## Bond pricing: The Internal Rate of Return with Irregular Cash Flows

##### Published: Oct 2002

Over the last two months we have shown, firstly, how to calculate the internal rate of return (IRR) where interest is paid annually and, secondly, how to calculate IRR when it is paid regularly, but more or less frequently than once a year. This month we deal with irregular cash flows.

As with our previous illustrations, to perform this calculation accurately, we need the use of a calculator with a time value of money function.

### Irregular cash flows

This method of calculation is not really suitable for a bond that pays irregular cash flows. However, it is possible to ‘regularise’ a number of irregular cash flows by inventing a sufficient number of zero interest payments. This will have the effect of translating the irregular cash flows into a series of regular cash flows, albeit one where a few are zero returns. When this means that the interest periods are not annual the final result needs to be adjusted using one of the two formulae outlined last month.

### Illustration

Consider the following example. An investor can purchase a bond for £250 now, which will give rise to cash flows of £10 after six months, £20 after one year, £30 after two years and £340 (£90 plus repayment of the principal) after five years. How can we calculate the internal rate of return?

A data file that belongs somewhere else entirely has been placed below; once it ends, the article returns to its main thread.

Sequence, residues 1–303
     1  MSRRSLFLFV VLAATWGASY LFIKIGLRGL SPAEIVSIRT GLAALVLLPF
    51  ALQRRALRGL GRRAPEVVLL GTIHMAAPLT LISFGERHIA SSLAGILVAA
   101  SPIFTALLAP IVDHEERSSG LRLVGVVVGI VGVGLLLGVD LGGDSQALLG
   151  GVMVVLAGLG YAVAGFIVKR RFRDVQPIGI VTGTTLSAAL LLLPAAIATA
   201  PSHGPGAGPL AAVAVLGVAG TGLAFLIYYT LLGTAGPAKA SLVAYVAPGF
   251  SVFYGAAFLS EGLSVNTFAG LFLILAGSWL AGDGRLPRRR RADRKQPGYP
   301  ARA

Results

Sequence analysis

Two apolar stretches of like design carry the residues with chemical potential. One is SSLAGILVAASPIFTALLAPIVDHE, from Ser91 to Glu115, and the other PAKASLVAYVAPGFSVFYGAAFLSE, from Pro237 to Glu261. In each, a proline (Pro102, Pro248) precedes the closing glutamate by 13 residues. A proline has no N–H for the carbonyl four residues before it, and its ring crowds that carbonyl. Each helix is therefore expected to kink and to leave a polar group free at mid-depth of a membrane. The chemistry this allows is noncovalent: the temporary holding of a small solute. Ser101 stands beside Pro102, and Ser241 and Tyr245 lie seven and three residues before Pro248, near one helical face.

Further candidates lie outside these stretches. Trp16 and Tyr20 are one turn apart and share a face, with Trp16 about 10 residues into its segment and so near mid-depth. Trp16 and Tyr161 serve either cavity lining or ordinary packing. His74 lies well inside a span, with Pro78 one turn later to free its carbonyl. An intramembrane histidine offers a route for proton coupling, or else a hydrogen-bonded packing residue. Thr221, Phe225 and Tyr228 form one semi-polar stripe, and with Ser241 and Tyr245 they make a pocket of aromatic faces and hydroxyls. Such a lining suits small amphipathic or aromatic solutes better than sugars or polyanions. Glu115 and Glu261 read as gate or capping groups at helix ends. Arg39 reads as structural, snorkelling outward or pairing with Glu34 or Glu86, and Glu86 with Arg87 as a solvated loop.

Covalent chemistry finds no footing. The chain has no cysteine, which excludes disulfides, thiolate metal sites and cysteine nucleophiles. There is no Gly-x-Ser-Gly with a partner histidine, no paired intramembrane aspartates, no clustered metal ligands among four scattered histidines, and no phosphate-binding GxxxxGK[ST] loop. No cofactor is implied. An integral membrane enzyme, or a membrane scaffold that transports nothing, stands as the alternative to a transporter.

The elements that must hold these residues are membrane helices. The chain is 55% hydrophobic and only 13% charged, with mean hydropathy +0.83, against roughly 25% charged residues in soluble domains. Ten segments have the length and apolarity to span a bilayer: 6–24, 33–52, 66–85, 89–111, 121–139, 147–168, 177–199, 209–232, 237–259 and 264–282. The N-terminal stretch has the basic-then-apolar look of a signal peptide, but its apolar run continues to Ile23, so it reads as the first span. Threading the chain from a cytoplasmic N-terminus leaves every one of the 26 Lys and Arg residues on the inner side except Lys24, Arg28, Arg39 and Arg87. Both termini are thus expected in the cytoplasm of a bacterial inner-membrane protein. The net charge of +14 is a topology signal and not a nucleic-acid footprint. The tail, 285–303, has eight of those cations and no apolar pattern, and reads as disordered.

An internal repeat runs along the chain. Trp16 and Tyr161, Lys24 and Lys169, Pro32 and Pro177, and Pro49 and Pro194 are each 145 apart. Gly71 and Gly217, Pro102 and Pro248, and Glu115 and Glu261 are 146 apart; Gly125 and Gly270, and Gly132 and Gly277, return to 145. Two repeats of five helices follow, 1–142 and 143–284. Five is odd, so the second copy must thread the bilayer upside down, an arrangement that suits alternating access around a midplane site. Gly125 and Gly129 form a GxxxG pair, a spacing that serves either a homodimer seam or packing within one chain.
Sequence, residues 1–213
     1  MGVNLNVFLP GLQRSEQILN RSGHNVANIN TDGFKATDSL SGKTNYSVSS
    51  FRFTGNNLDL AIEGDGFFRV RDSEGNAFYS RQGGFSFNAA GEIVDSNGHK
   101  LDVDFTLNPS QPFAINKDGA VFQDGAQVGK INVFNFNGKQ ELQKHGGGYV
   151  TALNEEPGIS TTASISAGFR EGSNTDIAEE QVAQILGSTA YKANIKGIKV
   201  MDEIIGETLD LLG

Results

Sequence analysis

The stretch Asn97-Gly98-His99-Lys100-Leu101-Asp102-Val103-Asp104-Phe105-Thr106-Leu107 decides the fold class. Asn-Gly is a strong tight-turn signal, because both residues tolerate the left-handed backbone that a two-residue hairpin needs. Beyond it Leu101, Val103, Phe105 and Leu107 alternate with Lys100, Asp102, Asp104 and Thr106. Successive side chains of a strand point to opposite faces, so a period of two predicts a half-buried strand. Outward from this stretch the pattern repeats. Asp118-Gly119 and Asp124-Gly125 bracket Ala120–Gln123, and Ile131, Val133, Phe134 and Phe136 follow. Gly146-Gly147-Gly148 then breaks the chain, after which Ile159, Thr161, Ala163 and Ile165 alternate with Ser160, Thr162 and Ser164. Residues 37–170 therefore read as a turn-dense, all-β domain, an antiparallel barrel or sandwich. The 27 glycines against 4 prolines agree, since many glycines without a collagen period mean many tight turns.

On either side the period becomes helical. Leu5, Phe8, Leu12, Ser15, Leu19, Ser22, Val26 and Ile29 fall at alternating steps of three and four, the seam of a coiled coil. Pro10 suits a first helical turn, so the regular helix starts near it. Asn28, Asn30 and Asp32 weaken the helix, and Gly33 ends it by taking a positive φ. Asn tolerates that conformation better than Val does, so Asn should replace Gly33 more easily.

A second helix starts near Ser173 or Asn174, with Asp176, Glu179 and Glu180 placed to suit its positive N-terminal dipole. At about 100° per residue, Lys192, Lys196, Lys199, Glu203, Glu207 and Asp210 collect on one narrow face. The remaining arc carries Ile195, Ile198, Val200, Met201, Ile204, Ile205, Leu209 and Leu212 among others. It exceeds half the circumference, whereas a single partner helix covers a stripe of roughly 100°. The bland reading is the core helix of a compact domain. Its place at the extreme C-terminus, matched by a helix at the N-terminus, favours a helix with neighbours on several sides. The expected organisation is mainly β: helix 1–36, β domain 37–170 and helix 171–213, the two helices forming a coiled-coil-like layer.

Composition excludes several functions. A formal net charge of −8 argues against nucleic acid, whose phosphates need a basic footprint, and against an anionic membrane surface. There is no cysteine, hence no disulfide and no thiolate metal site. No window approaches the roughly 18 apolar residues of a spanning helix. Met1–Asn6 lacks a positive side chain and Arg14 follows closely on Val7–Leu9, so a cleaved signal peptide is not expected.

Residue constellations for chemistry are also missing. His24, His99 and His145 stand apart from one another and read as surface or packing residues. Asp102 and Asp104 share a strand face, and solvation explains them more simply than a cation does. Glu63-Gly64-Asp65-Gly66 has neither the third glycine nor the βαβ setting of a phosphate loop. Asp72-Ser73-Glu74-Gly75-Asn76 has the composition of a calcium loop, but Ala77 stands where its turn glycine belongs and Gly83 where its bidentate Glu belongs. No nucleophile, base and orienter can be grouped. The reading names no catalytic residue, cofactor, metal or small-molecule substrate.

First of all, we have to regularise the cash flows. We do this by assuming that there are regular cash flows every six months, although many of them are zero. In other words, we input zero returns for the third and fifth to ninth periods in the calculation process. This is shown below:

This can then be entered into the calculator.

##### HP12C

Using an HP12C calculator (which has a time value of money function), we need to press the following keys:

This gives the result 5.535%. Having regularised the calculation by using six monthly payments, this result is not an annual return.

Therefore we have to adjust this result to an annual return in the same way as we did last month:

$$1 \: + \: result^n -1 = annual \: IRR, \: where \: n \:=\: number \: of \: regular \: interest \: periods\: per \: year.$$
$$So, \:the \: annual \: IRR = 1 + 0.05535\:^2 -1 = 0.1138\: or \:11.38\%$$

This shows that it is possible to regularise a set of irregular cash flows. However this can be difficult if the periods are very irregular as these will result in a large number of zero returns, which are difficult to manage.

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